Unsolicited advice from a man.

Unsolicited advice from a man. Drawing Luke Hockley.

Unsolicited advice from a man. Drawing Luke Hockley.

Dear Self,

I’m not very good at receiving unsolicited advice.

I don’t learn things well if I haven’t explicitly asked someone to teach me that thing. Honestly, sometimes I’m not that good at taking people’s input even when I have asked for it. Let me be clear, I love other people’s perspectives on an issue, or input to a problem, or insight about the world…bring that stuff on, what I’m talking about is when I am trying to learn how to do something I find other people’s opinions often can be very jarring.

I’m a real “give me a rough outline and then let me have a run at it and see what I work out” kind of learner.

Then I will have a ton of questions.

The trick is what I want in response are further questions, suggestions on how it can be done, possible approaches and then I want to have another bash and get on with it.

Mostly this works for me. I’m happy to hear a bit of theory, and then trial and error. Sometimes this learning approach is a major fail. Like if you are trying to learn how to do something technical and experiential…like driving a car. My poor Mother, that’s all I will say on that.

So, you can imagine my joy when a man approached me at the gym and…

Man: “Were you trying to do a Honkytonk lift* or a Swonkytank lift*?”

(*Lift names have been changed for purposes of levity and humour.)

Luke: Blank stare.

Man: “The other day I saw you were lifting and wondered if you were you trying to do a Honkytonk lift or a Swonkytank lift?”

Luke: Blank stare… “What are you talking about?”

Man: “When you were lifting heavy stuff I wondered if you were you trying to do a Honkytonk lift or a Swonkytank lift?”

Luke: Blank stare… “I don’t know the difference, I don’t actually understand what you are saying. Are you trying to give me some advice about the lifts I was doing the other day?”

Man: “Well actually, it’s a trick question…because you were doing a Swanky-honk-tonk lift but I think you were trying to do a Honky-tank-tonk lift…”

Luke: Blank stare…internal fuming…deep desire to teleport out of this situation…curiosity about why this feels so incredibly unbearable “Oh, right…”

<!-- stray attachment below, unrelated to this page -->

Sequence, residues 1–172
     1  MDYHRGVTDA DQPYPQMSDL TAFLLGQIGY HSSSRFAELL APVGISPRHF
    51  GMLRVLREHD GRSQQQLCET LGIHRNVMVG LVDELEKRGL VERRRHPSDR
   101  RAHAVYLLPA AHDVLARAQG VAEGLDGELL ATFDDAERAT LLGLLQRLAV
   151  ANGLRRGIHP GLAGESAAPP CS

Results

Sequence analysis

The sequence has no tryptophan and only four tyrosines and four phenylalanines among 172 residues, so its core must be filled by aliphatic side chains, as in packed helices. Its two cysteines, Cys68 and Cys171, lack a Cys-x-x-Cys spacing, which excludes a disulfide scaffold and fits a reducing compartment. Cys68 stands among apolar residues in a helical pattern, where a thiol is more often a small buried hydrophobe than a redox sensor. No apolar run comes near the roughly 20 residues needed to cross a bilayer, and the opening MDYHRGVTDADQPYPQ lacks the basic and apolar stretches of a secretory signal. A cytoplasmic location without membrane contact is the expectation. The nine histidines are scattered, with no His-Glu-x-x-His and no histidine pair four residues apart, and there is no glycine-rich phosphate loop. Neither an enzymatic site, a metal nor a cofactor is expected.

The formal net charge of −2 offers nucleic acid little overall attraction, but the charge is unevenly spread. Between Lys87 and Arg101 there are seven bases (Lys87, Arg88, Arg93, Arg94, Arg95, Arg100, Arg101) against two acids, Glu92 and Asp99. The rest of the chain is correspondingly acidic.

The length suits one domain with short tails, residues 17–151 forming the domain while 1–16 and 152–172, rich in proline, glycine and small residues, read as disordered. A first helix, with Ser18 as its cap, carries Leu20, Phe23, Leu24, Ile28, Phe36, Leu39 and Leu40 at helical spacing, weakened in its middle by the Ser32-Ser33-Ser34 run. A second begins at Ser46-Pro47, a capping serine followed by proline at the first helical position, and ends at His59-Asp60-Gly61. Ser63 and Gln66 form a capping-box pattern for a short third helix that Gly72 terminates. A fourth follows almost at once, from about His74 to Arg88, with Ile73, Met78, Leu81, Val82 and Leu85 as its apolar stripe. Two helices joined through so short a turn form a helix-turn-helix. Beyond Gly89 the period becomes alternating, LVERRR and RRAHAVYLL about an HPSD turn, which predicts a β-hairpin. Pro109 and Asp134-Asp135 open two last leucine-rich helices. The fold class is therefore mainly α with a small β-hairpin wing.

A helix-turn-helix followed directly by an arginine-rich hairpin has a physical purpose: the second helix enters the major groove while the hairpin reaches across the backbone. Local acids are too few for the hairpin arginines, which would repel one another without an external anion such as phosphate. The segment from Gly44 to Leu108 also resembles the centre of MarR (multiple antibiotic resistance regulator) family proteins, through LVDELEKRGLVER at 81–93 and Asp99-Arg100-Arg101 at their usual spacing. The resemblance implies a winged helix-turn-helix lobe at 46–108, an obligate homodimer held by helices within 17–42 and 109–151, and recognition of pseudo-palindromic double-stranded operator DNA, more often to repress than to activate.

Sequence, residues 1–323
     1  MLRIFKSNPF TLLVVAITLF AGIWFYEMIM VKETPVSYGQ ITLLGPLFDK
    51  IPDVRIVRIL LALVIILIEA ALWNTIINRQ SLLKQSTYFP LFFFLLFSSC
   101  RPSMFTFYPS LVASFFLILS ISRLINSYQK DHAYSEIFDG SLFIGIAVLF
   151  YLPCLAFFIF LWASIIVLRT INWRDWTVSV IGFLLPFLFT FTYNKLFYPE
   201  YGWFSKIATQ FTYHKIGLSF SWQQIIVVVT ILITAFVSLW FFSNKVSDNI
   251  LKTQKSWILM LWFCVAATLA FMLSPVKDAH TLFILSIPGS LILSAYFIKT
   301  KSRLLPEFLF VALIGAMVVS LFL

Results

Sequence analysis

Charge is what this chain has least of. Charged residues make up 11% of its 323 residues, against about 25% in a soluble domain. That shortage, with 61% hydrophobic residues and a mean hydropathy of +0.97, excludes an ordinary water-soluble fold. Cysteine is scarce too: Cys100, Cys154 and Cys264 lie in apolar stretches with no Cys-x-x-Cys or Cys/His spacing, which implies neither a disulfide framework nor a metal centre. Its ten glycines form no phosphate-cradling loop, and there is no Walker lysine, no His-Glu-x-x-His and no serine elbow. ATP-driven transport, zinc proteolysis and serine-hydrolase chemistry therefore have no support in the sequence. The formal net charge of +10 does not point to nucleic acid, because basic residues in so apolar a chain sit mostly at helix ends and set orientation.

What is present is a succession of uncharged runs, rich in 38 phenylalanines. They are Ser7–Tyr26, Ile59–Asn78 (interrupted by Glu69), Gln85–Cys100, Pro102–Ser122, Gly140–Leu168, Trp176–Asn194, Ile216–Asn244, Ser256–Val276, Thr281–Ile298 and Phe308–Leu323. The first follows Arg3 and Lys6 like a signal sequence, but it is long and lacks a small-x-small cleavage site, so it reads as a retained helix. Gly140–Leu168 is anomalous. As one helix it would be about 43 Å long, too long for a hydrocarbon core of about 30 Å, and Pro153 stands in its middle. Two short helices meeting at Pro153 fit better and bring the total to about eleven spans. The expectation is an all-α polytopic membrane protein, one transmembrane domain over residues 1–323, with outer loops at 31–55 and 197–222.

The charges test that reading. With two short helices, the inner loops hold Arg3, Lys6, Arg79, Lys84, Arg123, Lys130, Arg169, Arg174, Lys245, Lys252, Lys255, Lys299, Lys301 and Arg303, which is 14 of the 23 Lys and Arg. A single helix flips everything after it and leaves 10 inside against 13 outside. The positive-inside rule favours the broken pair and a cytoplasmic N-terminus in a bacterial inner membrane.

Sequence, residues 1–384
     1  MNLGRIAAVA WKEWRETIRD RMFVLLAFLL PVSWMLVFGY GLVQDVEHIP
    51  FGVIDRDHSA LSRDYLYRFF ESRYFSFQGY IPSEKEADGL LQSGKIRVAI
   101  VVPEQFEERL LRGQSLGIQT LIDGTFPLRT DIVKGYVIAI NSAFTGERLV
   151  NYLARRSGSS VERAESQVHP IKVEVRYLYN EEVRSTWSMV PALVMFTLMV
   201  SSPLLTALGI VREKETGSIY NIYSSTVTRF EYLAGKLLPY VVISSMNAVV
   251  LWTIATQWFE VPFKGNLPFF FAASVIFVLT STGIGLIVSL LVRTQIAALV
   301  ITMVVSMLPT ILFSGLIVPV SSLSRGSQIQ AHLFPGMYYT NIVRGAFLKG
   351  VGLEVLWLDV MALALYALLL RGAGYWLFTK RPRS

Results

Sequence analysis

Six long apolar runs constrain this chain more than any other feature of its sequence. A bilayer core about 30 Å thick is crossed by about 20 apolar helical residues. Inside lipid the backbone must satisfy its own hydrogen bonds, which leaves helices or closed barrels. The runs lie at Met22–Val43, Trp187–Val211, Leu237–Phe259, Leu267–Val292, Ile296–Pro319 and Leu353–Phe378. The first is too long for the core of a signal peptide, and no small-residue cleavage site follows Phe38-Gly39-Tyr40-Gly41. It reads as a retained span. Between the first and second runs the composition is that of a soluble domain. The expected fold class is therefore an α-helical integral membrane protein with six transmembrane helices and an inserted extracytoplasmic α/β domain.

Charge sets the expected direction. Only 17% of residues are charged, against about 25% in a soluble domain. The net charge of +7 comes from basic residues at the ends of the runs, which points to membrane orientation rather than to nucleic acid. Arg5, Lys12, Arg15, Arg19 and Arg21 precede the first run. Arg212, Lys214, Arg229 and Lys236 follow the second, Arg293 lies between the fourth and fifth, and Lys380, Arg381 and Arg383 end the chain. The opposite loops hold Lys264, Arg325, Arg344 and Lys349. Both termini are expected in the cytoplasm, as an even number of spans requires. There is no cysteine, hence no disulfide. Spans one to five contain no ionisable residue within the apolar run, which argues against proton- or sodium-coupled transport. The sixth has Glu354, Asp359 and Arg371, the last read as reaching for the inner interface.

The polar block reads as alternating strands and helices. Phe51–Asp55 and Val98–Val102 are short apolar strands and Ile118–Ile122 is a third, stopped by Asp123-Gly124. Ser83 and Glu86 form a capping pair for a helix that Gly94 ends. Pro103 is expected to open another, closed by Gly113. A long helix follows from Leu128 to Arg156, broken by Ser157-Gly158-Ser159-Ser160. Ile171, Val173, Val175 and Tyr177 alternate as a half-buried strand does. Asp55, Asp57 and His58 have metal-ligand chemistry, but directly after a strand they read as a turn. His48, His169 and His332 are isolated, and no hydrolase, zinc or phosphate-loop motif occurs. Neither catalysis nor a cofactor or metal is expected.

To my horror this exchange continued all the way through to me being shown how to do whatever the lift variation I was “meant to be doing”.

This man is a nice man. He has good skills in teaching people how to lift things. He was probably right. I would probably do well to take his advice…but something in me finds it very hard to do that in these situations.

I’ve worked with my mate Nick for years as my trainer (I just lost him to Sydney which is why I’m attempting to lift heavy things ‘unsupervised’) and over that time I was really proud of how I learnt to let him tell me what to do. I suppose he also learnt some stuff about how to tell me what to do. We had a few rocky patches, but now Nick could tell me anything about what I’m doing, and I would pay attention. I’d be keen to learn. I trust him to respect my knowledge whilst adding in his own.

I think the way some men (and women) approach teaching things is problematic for me. I’ve got a pretty long-standing pattern of response to me telling me what to do…it feels a lot like being bullied to me (I know that is not what they are doing, it’s my response based on my past experiences…)

Through-out our awkward interaction at the gym I realised something…I think this nice man was trying to say to me…

“I’ve noticed you have lost your trainer and I can see you are strong and able and that maybe you would benefit from an outside eye helping you with your technique…are you looking for someone to work with? If you are, I’d love to work with you.”


Maybe this is what he was trying to say. Maybe I would respond better to that kind of approach.

I feel kind of sad and strange about it all.

I do not think that it is my job to read between the lines and interpret his communication and make his life easier (let’s face it, a lot of people are expected to, and are doing that for men who are well-meaning but lacking self-awareness, empathy and humility). That’s why I probably won’t be fronting up for more advice from him.

But I also think that he (and other men) are suffering, are missing out, because they get rewarded for not learning how to listen deeply to others, for not learning how to communicate with empathy.

They get taught that because they are male that it is their job to explain things to everyone around them.

So, there is all that.

But, that is his stuff.

What I’m curious about is this thing I have of not really being able to take advice on how to do something technical…even when I really want to.

What’s that all about?

I really don’t know.



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Day 934

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